“Antiracism,” as a term, has become ubiquitous. It is wide-ranging, used not only in academic settings but also as part of modern-day discourse. The term is a successor of the workhorses “diversity and inclusion,” which have become familiar keywords everywhere from corporate marketing to university administration. “Diversity and inclusion” are twinned concepts that imagine tackling the legacies of racism by making room for underrepresented individuals, without necessarily changing much of anything else.
Antiracism takes a stronger position. The term suggests not only a stance against racism but a commitment to making that stance active. In these ways, antiracism is a content area: what ideas constitute antiracism? what are its histories? its politics? its aesthetics? its archives?
But antiracism is also a praxis. Every situation makes opportunities available that in turn reflect and perpetuate privilege and inequity: Who gets opportunities? Who does not? In what ways do these moments of interaction—daily life is made up of thousands of these—correlate to and support ongoing systemic power relations? In what ways do they reimagine what those relations can and ought be?
In 2020–21, the University of Maryland’s Center for Literary and Comparative Studies sponsored a year-long linked series of events, Antiracism: Research • Teaching • Public Engagement, to support and act upon the statements of solidarity for Black Lives Matter issued by the department, college, and university. Here, we collect three contributions from that project.
These pieces employ, respectively, the genres of an essay, a conversation, a manifesto. Together, they demonstrate that antiracism is fundamentally inextricable from humanistic inquiry (and, arguably, all inquiry).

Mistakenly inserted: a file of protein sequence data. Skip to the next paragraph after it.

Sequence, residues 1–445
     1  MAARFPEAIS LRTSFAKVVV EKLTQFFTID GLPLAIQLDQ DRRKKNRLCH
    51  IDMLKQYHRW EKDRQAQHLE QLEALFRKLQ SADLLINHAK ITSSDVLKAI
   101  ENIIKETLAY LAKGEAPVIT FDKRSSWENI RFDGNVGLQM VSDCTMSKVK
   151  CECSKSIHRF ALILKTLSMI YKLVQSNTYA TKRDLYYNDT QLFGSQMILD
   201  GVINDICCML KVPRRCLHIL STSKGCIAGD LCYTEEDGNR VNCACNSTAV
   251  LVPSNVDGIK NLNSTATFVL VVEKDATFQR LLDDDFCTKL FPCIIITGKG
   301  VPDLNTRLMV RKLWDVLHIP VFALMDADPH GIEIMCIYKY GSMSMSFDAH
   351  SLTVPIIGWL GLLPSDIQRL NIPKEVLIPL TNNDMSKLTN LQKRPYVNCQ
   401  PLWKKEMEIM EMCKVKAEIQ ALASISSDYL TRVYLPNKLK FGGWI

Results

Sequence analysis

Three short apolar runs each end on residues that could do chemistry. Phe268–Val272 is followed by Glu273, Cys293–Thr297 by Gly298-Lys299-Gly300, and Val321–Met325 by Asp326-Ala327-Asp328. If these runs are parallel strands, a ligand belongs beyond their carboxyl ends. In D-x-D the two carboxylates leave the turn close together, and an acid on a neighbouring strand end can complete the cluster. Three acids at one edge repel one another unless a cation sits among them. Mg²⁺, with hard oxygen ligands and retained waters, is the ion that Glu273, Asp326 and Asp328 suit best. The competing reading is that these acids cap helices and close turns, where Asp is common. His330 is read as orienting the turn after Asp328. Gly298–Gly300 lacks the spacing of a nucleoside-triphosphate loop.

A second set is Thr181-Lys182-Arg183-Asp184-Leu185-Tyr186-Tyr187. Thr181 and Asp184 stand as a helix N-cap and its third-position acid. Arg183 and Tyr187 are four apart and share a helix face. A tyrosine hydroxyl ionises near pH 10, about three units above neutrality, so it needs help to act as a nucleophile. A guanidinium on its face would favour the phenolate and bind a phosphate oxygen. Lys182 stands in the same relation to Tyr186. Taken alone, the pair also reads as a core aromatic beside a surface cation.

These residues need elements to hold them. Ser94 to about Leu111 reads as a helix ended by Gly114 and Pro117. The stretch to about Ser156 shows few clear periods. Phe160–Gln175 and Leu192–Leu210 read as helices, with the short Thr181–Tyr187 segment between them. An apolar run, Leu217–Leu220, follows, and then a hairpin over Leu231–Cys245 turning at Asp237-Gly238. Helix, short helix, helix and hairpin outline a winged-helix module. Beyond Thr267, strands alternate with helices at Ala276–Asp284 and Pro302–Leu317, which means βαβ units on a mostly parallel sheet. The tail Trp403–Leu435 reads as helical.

That is, antiracism challenges us to wholly reimagine what it means to study the human and inhuman conditions in their various forms, and with the various disciplinary tools we have available and are in the process of remaking. Antiracism demands we center, study, and learn from the voices and knowledges of those who have been historically marginalized. We must likewise abide—without rushing to resolve—the discomfort of those whose voices and knowledges have been, to varying degrees, historically valued. We must remember that a dominant group’s feeling of discomfort with these histories of marginalization is not the same as being harmed by them, and that this feeling of discomfort can, in turn, open up an ethical space for learning.
Who’s Afraid of Antiracism?
Antiracism is a collective responsibility. It is not merely about representation, though it is; it is not merely about thematics, though it is; it is not merely about practice, though it is. As these writings enact, antiracism is about the questions we ask and answer. It is about how we recognize or inquire deeply into our inherited, embedded histories (what they reveal, what they occlude), the stories we tell, and how we use these moments to imagine, and make possible a more just community—in the classroom as well as in our civic relations. And antiracism is a useful term but only for as long as it can open up ethical, intellectual spaces for dissent and disagreement, and meaningful contradictions and inconsistencies.
Soon enough, antiracism will be as inadequate as diversity and inclusion. Perhaps it is already. Yet, the term’s qualities, as these essays collectively demonstrate, together point to the complexity and urgency of our collective responsibility to create a just community.